ASSENT-4 PCI: should facilitated percutaneous coronary intervention be used in clinical practice?

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In clinical practice, the goal of 90 min or less between patient presentation and percutaneous coronary intervention (PCI) is frequently not realized. Pretreatment with fibrinolytics, glycoprotein IIb/IIIa inhibitors, or both before PCI could counteract the delay in reperfusion and, therefore, benefit patients.


To compare tenecteplase-facilitated PCI with primary PCI in terms of patient outcomes.


The international Assessment of the Safety and Efficacy of a New Treatment Strategy with Percutaneous Coronary Intervention (ASSENT-4 PCI) trial enrolled patients between 10 November 2003 and 22 April 2005. Patients had to present with ST-segment elevation myocardial infarction (ST-segment elevation of ≥0.6 mV across multiple leads; ST-segment elevation of ≥0.1 mV with new-onset left-bundle-branch block; or for patients with inferior infarction, ST-segment deviations of ≥0.6 mV if ST-segment elevations of ≥0.4 mV were seen in leads II and III, and ventricular fibrillation), within 6 h of symptom onset. Patients were excluded if they were not expected to arrive at the catheterization laboratory within 1-3 h after symptom onset.


Patients were randomly assigned a weight-adjusted tenecteplase bolus before PCI or standard primary PCI. All patients in the facilitated-PCI group received a 60 U/kg bolus of heparin (maximum 4,000 U/kg; activated clotting time 350-400 s) and patients in the primary PCI group received 70 U/kg (no maximum dose; activated clotting time 300-350 s). All patients were given 150-325 mg aspirin; however, only patients in the primary PCI group could receive glycoprotein IIb/IIIa inhibition. Patients' Thrombolysis in Myocardial Infarction (TIMI) flow grade was assessed before and after intervention. All analyses were done on the basis of intention to treat.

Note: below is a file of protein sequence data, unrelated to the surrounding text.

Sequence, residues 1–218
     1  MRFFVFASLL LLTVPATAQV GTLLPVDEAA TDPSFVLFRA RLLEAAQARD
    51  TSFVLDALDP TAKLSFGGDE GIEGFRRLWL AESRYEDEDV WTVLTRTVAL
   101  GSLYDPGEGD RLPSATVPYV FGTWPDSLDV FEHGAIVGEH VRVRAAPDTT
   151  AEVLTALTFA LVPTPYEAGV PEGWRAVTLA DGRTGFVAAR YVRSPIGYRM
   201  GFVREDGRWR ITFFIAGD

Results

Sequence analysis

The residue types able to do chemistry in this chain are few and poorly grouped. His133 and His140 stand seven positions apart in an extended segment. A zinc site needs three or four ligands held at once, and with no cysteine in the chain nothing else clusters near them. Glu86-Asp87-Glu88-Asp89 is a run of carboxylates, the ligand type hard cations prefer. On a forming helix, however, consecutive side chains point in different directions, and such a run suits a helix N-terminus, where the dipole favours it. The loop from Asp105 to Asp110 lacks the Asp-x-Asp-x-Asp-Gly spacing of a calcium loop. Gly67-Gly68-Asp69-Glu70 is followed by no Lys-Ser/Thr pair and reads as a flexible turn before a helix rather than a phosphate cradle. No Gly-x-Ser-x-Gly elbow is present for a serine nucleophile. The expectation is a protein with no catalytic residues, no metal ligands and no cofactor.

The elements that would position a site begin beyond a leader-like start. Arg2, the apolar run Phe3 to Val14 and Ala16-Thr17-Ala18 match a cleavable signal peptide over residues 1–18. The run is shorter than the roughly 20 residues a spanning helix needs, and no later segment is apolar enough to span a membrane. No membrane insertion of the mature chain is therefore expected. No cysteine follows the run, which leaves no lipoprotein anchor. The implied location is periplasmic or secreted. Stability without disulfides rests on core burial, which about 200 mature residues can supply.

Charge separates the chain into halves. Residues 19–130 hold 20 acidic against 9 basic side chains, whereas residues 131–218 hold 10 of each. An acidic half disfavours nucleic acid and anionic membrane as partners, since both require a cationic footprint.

The primary endpoint was shock, congestive heart failure and death in the 90 days after intervention.


Of the patients who completed follow-up 823 received facilitated PCI and 831 received primary PCI. After 1,667 of the 4,000 planned patients had been enrolled, trial enrollment was stopped because of safety concerns; significantly more patients in the facilitated PCI group developed congestive heart failure or shock, or died within 90 days than patients who received primary PCI (151 [18.6%] versus 110 [13.4%]; relative risk 1.39, 95% CI 1.11-1.74; P=0.0045). Furthermore, there were more deaths with facilitated than standard PCI within 90 days follow-up (55 [6.7%] versus 41 [4.9%], respectively; relative risk 1.35, 95% CI 0.91-2.01; P=0.1187). There was no significant difference in the incidence of major noncerebral bleeding events and blood transfusions between the two treatment groups; however, there were significantly more strokes (15 versus 0, P<0.0001) and ischemic cardiac complications with facilitated PCI.


The authors advise that facilitated PCI with full-dose fibrinolytic therapy should not be used in routine practice.

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